ANTIGONI_05_B 2023

Antigone by Jean Anouilh

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Directed by: Maria Protopappa
After Anouilh’s Antigone was first presented at the Greek Art Theatre, Maria Protopappa approaches the play once again, both as a director and performer, further evolving her initial vision. Undertaking to utter herself the biggest part of Antigone’s words, the director attempts to comment on the signifier and signified of the heroine’s existence. Does Antigone exist? To what extent is the desire/need that gives birth to Antigone real?
ANTIGONI_marilena_anastasiadou_photography 2023

Φωτογραφία: Μαριλένα Αναστασιάδου

The performance features actors Christos Stergioglou, Giannis Tsortekis, Dimitris Mamios, Dimitris Margaritis and Maria Protopappa. The latter takes on the play’s direction as well as the role of Antigone, which she shares on stage with emerging actress Ilektra Barouta.
Antigone as a mythical figure has been posing a captivating riddle throughout the centuries; what urges her to confront authority? Does this confrontation justify her life’s sacrifice? Are there any mitigating circumstances for Creon, whom Antigone opposes? How much does each society need the presence of an Antigone and for which reasons, except the obvious ones?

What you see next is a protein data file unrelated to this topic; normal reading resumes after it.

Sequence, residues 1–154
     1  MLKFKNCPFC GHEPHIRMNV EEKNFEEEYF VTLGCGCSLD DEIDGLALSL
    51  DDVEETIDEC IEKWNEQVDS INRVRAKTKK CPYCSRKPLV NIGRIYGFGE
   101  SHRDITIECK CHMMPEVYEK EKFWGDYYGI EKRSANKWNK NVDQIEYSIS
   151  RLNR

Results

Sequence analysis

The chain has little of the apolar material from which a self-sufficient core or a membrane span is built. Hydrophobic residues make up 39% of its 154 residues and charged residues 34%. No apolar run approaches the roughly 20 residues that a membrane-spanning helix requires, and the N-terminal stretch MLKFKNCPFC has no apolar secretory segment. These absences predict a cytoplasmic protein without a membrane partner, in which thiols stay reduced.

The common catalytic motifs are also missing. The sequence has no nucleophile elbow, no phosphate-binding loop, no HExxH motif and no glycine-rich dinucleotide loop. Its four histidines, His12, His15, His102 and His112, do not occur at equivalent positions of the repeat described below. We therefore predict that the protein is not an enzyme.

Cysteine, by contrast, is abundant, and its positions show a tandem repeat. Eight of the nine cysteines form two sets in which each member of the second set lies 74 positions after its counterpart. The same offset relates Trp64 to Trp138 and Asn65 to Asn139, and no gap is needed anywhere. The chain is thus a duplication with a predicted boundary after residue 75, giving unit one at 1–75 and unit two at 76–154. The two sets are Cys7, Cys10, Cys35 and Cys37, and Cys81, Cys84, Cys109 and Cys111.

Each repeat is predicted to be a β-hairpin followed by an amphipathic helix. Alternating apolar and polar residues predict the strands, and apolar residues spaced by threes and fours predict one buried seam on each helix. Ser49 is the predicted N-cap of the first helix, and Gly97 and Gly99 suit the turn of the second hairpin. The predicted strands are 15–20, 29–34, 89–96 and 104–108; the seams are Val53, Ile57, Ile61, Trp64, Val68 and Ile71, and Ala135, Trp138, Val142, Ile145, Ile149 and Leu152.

Ancient Greek playwright Sophocles was the first to take Antigone’s myth on stage in 441 BC, while French dramatist Jean Anouilh reshaped it during World War II.
Creon issues a law to prohibit the burial of Antigone’s brother, Polynices, because he rallied an army and attacked his brother Eteocles and the town of their ancestors. Antigone opposes this order and confronts Creon. The power of her uttered words, their potential ability to shape realities or be perceived as reality, is the main claim of this play’s reading.
Since Anouilh’s Antigone premiere in 1944, the play has been presented on theatrical stages all over the world, always sparking heated discussions. In Greece it was performed for the first time in 1946-1947 at the Greek Art Theatre (Theatro Technis) under Karolos Koun’s direction, starring renowned actress Elli Lambeti. This summer the play is travelling to Andros Open-Air Theatre for a unique performance under the starry skies.
Director’s note
In extreme historical circumstances like the ones we live in today, which include cosmogenic changes that we CANNOT be aware of before they are complete; during these abrupt Transitions-Mutations of humankind, the framework and need for the collective ARE CRUSHING individuals and their public character. We abruptly transition to technologically and politically pinned down humans who get deprived of their public discourse, democracy and control of themselves and their lives –let alone their individual freedom and privacy, since they are “voluntarily” exposed with everybody, in the eyes of everybody.
Their value derives from the fact that the events which are supposed to have occurred at a given time in the distant past, constitute a structure that remains unchanged in the present, the past and the future (Claude Lévi-Strauss).